“Philip Schuyler Warne” was most likely a pseudonym of former Street & Smith writer Howard W. Macy, who was born in 1843 in Cincinnati, Ohio. Impoverished and orphaned at a young age, Macy was adopted by Alfred Hemp, a wealthy Englishman, who then had Macy educated in England and France. Briefly studying law before choosing a writing career instead, Macy returned to the United States circa 1868 and published with Street & Smith from 1869 until 1874, when he virtually disappeared only to reappear again in 1875 as Philip S. Warne, and occasionally, also writing as “Q.E.D.” in George Munro’s New York Fireside Companion.

Discussion Questions

  • At the beginning of the story, how does Warne inform the reader about Cecil Beaumont’s state of mind regarding his theft of the bank’s money? Why or why not should readers view Beaumont’s perception of his crime as remorseful? Be specific in your answer. 
  • Given that Tiger Dick is not the main character in this story, why do you think Warne titled this story as he did?
  • Given the presumed literacy of their times, dime novel writers often include references to historical, biblical or mythological characters in their stories. Identify one or two such characters in this story and the circumstances in which they are mentioned.
  • As mentioned in the story’s synopsis, some characters are more evil than others. Who are these characters and why are they more evil?
  • A common theme for a story like this is, “Good always triumphs over evil.” What other themes can be extracted from this story?
  • By what means does Florence Goldthorpe, the amateur detective in this story, help to exonerate Fred Powell? What is the importance of her character?
  • How might perceptions regarding the events in this story have changed from its era to the present day? For instance, would modern relatives of a character accused of a crime react the same way Fred Powell’s father and grandfather do in this story? Why or why not?
  • Like the nervous and nameless narrator of Edgar Alan Poe’s short story, “The Tell-Tale Heart,” Cecil Beaumont is consumed by his bad luck and guilt. Identify two or more passages which illustrate Beaumont’s descent into madness.
  • Given what ultimately happens to Cecil Beaumont and to Tiger Dick, what conclusion(s) can be reached about Warne’s viewpoints about crime and punishment?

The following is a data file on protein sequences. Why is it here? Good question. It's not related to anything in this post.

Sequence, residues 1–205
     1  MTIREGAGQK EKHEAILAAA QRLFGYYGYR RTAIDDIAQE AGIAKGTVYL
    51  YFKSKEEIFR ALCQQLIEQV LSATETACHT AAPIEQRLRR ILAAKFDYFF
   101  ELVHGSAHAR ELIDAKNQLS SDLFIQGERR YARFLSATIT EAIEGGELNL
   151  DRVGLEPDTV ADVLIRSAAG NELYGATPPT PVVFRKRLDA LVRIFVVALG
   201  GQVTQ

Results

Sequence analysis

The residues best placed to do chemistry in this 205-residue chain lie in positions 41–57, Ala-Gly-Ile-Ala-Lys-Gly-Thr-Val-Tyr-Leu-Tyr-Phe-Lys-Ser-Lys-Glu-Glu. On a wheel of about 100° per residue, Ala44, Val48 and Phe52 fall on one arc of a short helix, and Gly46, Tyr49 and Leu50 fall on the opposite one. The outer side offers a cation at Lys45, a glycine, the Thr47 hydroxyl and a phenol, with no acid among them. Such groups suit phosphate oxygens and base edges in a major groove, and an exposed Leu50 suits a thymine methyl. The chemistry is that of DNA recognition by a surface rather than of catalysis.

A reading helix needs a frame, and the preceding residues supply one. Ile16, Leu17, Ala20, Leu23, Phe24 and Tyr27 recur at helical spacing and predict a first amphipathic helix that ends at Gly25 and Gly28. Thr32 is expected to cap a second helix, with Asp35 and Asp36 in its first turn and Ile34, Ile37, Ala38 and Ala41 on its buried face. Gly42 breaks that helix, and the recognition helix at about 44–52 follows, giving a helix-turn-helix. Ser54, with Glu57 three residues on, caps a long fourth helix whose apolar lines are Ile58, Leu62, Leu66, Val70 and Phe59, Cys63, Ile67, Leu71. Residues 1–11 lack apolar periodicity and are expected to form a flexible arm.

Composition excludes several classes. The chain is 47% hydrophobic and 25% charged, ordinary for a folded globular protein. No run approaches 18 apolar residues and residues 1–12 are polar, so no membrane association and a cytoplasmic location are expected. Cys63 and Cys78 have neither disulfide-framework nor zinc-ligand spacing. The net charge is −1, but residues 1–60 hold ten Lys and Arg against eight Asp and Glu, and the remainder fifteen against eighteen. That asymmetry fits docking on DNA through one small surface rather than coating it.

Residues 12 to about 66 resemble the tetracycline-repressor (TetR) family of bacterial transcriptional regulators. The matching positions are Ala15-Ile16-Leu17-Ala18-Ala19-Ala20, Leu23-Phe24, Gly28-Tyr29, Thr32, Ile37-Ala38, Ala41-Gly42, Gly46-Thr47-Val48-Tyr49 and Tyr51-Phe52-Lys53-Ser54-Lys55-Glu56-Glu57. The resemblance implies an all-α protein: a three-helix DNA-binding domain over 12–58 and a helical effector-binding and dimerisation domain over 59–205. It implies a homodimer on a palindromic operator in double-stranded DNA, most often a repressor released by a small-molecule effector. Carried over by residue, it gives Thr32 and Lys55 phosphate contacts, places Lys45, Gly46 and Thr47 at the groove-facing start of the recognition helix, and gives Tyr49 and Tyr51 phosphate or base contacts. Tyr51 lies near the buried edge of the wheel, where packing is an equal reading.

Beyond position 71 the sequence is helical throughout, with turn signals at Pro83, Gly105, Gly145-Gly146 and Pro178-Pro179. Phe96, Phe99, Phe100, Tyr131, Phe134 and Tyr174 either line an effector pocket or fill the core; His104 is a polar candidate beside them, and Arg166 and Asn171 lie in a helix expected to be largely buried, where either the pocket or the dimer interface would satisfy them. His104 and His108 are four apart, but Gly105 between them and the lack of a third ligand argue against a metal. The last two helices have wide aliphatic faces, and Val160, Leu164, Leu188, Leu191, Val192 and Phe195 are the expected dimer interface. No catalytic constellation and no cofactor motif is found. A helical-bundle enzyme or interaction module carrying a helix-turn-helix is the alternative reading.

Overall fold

Further Reading

  • ---. “Just Desserts: Crime and Punishment in Philip S. Warne’s Dime Novel Mysteries.” Dime Novel Roundup, vol. 77, no. 1, February 2008, pp. 13–18.

Dime Novel scholar Marlena E. Bremseth examines the characterizations and resolution of Philip S. Warne’s Tiger Dick, the Faro King; or, the Cashier’s Crime dime novel mystery. Bremseth concludes that Warne possessed a surprisingly ambivalent viewpoint about crime and punishment.

In her introduction to this text, Bremseth discusses her research into the life and works of Philip S. Warne and Howard W. Macy and discloses the steps she took to ultimately conclude that the two authors were one and the same person.

  • Bremseth, Marlena E. “Investigating a Dime Novel Mystery: Philip S. Warne.” Dime Novel Roundup, vol. 69, no. 663, June 2000, pp. 75–88.

Dime novel scholar Marlena E. Bremseth discusses her long journey to track down reliable information about Philip S. Warne. Bremseth posits that Warne was a pseudonym of author Howard W. Macy. A comparison of biographical content attached to both names follows. 

  • Johannsen, Albert. The House of Beadle & Adams and Its Dime and Nickel Novels: The Story of a Vanished Literature. University of Oklahoma Press, 1950.

Geologist and dime novel collector Albert Johannsen’s two volume set of books compiles the history and biographical author information of the Beadle & Adams publishing firm. Johannsen’s first volume details the firm’s history and lists its publications by series. The second volume offers biographical and bibliographical information about the authors.

Shelley Streeby’s chapter in the Cambridge History of the American Novel offers a broad overview of dime novel history, famous characters, and significant authors. Part of this chapter addresses Warne, detailing his sympathetic view toward the poor, particularly in his 1881 serialized story, Who Was Guilty?